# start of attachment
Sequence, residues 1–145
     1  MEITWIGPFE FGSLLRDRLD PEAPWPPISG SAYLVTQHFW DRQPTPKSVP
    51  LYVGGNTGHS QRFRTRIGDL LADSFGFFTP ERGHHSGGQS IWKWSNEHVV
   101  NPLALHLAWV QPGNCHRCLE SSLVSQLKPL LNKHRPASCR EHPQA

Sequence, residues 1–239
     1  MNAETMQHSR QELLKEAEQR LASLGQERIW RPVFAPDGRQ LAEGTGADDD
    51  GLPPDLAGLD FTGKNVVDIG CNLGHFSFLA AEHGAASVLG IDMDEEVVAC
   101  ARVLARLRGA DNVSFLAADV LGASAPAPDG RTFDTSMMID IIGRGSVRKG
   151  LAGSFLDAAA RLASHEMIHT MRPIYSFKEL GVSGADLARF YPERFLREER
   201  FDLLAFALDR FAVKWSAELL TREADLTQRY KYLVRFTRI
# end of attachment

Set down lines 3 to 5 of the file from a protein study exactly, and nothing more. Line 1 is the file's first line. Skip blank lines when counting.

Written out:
    51  LYVGGNTGHS QRFRTRIGDL LADSFGFFTP ERGHHSGGQS IWKWSNEHVV
   101  NPLALHLAWV QPGNCHRCLE SSLVSQLKPL LNKHRPASCR EHPQA

Sequence, residues 1–239